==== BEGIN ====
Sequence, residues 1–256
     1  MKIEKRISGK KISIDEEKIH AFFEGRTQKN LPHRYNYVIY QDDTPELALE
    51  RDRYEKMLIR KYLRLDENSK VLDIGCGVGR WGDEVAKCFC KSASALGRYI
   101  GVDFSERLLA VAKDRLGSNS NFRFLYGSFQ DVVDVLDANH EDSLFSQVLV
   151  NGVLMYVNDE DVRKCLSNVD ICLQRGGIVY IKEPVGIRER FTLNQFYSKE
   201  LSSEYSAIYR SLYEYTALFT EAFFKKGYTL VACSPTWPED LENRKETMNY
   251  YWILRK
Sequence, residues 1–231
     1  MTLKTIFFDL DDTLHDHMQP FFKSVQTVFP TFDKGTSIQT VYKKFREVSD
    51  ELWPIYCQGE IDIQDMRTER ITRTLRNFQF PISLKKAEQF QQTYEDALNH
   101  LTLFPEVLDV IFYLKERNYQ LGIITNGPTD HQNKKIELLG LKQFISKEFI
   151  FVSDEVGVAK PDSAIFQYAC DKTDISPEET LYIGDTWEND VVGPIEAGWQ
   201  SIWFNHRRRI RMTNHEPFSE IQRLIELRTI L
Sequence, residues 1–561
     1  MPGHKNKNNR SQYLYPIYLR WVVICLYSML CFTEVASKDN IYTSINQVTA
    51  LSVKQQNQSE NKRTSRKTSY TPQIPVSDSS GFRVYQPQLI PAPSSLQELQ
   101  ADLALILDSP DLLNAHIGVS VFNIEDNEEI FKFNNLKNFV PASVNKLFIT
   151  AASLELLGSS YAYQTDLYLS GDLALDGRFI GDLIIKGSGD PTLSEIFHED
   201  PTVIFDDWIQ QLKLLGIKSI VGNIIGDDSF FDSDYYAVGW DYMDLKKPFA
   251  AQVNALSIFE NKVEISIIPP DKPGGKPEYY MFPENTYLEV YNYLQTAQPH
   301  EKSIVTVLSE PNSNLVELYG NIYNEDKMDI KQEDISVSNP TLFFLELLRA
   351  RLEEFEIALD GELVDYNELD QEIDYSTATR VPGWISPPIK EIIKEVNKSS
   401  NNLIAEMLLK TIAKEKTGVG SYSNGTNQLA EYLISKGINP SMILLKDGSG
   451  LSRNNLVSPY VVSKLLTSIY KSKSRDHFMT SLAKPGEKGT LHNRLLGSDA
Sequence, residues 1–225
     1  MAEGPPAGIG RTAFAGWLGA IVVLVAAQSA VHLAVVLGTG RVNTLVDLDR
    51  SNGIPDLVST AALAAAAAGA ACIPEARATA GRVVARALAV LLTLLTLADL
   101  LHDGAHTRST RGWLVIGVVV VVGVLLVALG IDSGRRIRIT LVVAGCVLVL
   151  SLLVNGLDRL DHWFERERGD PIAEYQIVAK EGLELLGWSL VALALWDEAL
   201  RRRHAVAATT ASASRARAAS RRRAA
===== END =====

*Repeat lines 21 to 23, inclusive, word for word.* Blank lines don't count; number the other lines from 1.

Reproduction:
   301  EKSIVTVLSE PNSNLVELYG NIYNEDKMDI KQEDISVSNP TLFFLELLRA
   351  RLEEFEIALD GELVDYNELD QEIDYSTATR VPGWISPPIK EIIKEVNKSS
   401  NNLIAEMLLK TIAKEKTGVG SYSNGTNQLA EYLISKGINP SMILLKDGSG